Learning that the humans are gathering under the leadership of a mysterious, psychotic Colonel, Caesar makes plans to relocate across a desert, but the night before he can begin the move, the ape home is attacked and Caesar's wife, Cornelia and eldest son Blue Eyes, are killed by the Colonel, leaving only Caesar's younger son Cornelius alive. Leaving Cornelius in the care of Lake, Caesar, accompanied only by Maurice, Luka and Rocket, departs to confront the Colonel. At an army camp, they discover that traitor albino ape Winter has joined the Colonel’s forces, and that the Colonel has departed for the 'Border'. Along the way, they pick-up two odd companions—a mute girl, and ‘Bad Ape’, who had escaped from a zoo. Bad Ape is able to direct them to the 'Border', a former weapons depot that is the Headquarters of the Colonel.

Pierre Boulle, the author of Planet of the Apes (1963; first film version in 1968), was a French Resistance spy, who also wrote the classic The Bridge Over the River Kwai, made into a masterpiece film, directed by David Lean. He died in Paris in 1994, aged 81. There is not too much in common between his Apes novel and the present film, which has characters developed by Rick Jaffa and Amanda Silver, husband and wife duo, who co-wrote and co-produced the 2011 and 2014 editions of the new millennium re-boot, besides writing Jurassic World. Amazingly, the core premise of Bridge on the River Kwai, of using enemy labour to build a railway bridge on a river, is present in War..., only they are replaced by apes, and made to build a gigantic wall instead of a bridge.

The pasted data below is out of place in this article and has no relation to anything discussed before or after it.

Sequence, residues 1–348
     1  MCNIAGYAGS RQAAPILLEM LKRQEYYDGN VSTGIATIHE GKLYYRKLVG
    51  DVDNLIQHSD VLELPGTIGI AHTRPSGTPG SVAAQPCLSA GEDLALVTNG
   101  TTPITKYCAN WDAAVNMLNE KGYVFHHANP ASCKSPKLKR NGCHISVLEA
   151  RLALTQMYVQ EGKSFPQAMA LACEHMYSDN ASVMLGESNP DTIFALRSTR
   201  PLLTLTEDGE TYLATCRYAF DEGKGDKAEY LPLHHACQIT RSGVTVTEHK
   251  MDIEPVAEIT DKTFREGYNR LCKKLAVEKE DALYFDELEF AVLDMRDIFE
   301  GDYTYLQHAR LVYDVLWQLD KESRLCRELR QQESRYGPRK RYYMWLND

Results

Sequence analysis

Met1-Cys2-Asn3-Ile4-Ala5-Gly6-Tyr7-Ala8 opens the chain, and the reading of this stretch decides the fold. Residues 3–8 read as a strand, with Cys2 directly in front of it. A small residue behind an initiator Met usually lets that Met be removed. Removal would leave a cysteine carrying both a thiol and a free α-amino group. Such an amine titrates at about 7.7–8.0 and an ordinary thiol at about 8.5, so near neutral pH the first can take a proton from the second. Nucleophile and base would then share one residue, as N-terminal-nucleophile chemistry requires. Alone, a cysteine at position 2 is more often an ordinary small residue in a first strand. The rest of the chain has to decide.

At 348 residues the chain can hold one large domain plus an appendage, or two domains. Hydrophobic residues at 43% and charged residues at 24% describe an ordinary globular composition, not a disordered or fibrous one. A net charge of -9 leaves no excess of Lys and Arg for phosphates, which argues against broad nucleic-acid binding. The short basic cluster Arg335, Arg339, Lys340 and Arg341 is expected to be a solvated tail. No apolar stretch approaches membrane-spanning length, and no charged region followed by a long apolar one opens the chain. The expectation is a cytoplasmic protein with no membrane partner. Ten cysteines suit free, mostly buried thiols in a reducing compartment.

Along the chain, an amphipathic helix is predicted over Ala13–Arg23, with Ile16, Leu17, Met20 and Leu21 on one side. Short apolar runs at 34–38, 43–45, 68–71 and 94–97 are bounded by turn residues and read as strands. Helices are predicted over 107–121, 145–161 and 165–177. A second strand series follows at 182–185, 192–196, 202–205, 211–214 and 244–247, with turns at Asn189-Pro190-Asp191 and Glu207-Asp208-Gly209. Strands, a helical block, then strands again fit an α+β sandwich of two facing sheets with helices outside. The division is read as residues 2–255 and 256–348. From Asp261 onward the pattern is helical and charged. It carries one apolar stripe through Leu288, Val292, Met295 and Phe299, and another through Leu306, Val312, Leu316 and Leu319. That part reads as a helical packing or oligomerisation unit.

Events that unfold across a huge canvas have been imagined by screenwriters Mark Bomback (The Wolverine, Dawn of the Planet of the Apes, The Divergent Series: Insurgent) and writer-director Matthew George "Matt" Reeves (Under Siege 2: Dark Territory, The Pallbearer, Let Me In), who turned 51 this year. He was retained to direct the War chapter owing to the success of the preceding Dawn.